By Saleem Shaikh
The Review, Sunday Magazine
In Pakistan, water and sanitation-related diseases account for 60 per cent of the total child mortality cases. Of these, diarrhoeal diseases alone are estimated to kill more than 200,000 children under five years of age every year.
The annual mortality rate for children under five years old was estimated to be 117 deaths per 1,000 children in 1990-91. Though the numbers have reduced to 75 deaths for every 1,000 live births in 2007, according to Pakistan Millennium Development Goal Report (PMDGR) 2010, the figure is still unacceptably high.
Unsafe drinking water, inadequate sanitation and poor hygiene are the underlying causes of diarrhoea in children, mainly in the lower income groups. The combination of unsafe water consumption with poor hygiene practices causes diseases, which further exacerbate their economic conditions, due to high cost of medical aid.
Access to sanitary latrines at household levels is very low throughout the country. According to estimates, only 42 per cent people have access to safe latrines throughout Pakistan (65 per cent urban and 30 per cent rural).
Access to safe drinking water is also a critical health issue in the country. The projected population growth for the next ten years — from over 160 million to 221 million people — will exert further pressure on water demand, making access to safe water even more of a challenge.
Data indicate that just 65 per cent of the population has access to clean drinking water and that urban access to potable water is significantly higher than rural access — 85 per cent urban and 55 per cent rural.
Delivery of potable water supply is constrained by the inability of taluka/tehsil municipal administrations (TMAs), which are now responsible for providing safe water and to manage sustainable water systems in their respective jurisdictions.
Poor hygiene practices, such as lack of hand washing with soap at multiple critical times are common phenomena in the country, dangerously so in rural areas. Besides, there is a lack of awareness about what ‘clean’ water means. For instance, most believe that if water is clear and odourless it is suitable for drinking. This misconception could present a barrier for the acceptance of household water treatment methods or community water filtration plants. Until recent years, environmental health programmes have not given behaviour change the importance it is due.
Research has shown that mere access to water and sanitation may bring little or no behaviour change impact. Only a combination of clean water, improved sanitation and hygiene behaviours can ensure that in due course, the impact will appear in the district, national, and international statistics.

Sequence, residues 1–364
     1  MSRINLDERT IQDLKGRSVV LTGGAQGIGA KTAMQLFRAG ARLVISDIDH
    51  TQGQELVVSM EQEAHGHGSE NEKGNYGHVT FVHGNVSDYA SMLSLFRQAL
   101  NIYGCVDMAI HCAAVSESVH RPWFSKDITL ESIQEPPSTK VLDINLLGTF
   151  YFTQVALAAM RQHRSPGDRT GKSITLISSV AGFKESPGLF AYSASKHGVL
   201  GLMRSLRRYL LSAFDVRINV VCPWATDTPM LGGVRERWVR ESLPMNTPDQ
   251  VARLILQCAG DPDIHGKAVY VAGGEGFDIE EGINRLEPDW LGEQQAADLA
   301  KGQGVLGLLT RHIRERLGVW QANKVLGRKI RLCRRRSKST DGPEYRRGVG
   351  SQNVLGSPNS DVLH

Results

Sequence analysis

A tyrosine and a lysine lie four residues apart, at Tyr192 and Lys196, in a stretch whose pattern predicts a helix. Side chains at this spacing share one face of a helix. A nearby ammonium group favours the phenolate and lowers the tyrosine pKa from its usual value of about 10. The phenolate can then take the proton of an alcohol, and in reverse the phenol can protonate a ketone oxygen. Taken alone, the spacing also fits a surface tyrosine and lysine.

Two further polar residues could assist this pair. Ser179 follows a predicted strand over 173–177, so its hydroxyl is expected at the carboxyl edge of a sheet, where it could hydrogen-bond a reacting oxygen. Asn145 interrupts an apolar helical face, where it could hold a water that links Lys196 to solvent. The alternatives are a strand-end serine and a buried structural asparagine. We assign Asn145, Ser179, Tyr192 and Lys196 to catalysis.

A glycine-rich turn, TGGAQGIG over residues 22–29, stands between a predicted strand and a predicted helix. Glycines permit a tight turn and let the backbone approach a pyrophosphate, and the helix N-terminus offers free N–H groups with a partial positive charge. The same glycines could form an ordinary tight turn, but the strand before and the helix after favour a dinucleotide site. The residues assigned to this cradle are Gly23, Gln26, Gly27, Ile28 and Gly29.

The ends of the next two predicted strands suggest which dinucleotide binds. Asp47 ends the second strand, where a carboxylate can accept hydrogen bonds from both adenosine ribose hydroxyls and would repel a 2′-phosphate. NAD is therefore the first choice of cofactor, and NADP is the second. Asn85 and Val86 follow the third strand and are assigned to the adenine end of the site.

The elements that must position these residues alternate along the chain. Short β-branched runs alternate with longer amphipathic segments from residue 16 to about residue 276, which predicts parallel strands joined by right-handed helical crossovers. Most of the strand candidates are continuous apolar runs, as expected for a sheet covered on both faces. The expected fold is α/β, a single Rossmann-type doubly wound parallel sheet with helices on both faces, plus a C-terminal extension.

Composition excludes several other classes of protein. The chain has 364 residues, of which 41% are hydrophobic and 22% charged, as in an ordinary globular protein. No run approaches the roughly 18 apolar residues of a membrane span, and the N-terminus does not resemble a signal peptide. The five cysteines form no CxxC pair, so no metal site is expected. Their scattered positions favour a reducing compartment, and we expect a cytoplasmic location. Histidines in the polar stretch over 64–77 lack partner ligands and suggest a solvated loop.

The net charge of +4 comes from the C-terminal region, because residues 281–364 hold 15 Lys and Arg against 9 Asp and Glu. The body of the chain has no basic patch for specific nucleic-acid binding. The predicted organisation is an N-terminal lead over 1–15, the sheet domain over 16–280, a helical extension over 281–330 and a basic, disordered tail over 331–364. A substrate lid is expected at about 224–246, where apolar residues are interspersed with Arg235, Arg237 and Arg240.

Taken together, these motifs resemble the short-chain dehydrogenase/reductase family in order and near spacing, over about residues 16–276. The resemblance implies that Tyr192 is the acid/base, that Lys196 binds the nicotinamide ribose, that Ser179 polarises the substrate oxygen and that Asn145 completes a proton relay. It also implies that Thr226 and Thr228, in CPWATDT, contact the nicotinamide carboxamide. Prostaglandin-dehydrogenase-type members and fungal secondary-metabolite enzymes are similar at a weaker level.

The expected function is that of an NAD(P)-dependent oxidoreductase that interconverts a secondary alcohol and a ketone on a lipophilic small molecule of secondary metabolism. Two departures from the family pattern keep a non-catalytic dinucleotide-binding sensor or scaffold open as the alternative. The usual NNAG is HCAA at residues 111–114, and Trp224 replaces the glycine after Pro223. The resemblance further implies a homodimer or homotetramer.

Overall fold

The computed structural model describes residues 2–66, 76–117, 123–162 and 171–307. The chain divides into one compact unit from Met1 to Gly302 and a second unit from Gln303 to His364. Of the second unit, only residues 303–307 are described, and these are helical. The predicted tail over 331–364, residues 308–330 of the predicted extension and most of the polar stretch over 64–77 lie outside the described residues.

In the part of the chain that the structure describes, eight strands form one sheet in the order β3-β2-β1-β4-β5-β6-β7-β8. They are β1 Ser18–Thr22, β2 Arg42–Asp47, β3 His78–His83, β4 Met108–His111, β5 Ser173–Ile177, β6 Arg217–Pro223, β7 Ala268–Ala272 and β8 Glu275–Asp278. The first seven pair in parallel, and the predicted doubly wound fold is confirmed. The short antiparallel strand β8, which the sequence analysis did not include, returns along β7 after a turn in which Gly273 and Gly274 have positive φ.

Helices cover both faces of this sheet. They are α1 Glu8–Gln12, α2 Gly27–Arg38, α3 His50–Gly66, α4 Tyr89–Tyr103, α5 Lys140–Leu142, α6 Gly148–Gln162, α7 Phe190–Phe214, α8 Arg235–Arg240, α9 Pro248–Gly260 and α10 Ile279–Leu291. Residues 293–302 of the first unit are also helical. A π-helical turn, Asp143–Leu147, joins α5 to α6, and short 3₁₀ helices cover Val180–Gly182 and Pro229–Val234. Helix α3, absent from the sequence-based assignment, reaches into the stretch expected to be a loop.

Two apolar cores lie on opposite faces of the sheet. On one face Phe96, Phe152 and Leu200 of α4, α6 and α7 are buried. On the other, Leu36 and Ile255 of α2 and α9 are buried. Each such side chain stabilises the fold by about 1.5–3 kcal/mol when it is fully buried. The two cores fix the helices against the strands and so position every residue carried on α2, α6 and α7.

Even in developed urban areas, with organised administrative structures, resources and high water coverage, the quality of water can be so poor that waterborne epidemics are common. For instance, in Lahore and Karachi, the most developed cities in Pakistan, more than 40 per cent of the water supply is unfiltered, 60 per cent of industrial effluents are untreated, and groundwater sources are being contaminated by human waste and pollution.
However, there is a mounting concern about, and response to, the rapidly aggravating crisis regarding safe water and sanitation.
Halving the proportion of people without access to safe water by 2015 is the 10th MDG target. Access to clean drinking water, particularly to the poorest of the poor, remains a daunting challenge, especially at a time when the country is reeling under virulent water scarcity and rising surface water contamination. The country is also daunted by low coverage of safe drinking water supply, which is a major cause of waterborne diseases.
According to the PMDG 2010 report, water supply coverage has increased to 65 per cent in 2008-09 from 53 per cent in 1990. However, the target set for 2015 regarding the water supply reach is 93 per cent; this is hard to achieve without huge investment in water supply infrastructure. Development experts believe that given the current trends and the country’s current financial woes it is impossible to meet the target.
Although the country’s sanitation situation has increased by 100 per cent to 63 per cent in 2008-09 from 30 per cent in 1990, it is a long way from the target of 90 per cent access to safe sanitation to be met by 2015.
Limited resources and poor financial outlook for Pakistan in the next couple of years, make meeting the MDG targets a daunting challenge to the country. However, the government must endeavour and utilise all energies and financial resources towards achieving these goals because their attainment would certainly improve the country’s socio-economic face.
Many development experts believe that these challenging goals, particularly ‘Eradicating Extreme Poverty and Hunger’ as well as ‘Reducing Child Mortality’ can be met by pursuing an agenda of rapid inclusive economic growth, introducing concrete reforms, continuity and sustainability of policies and programmes and increased participation of the communities in the overall development process.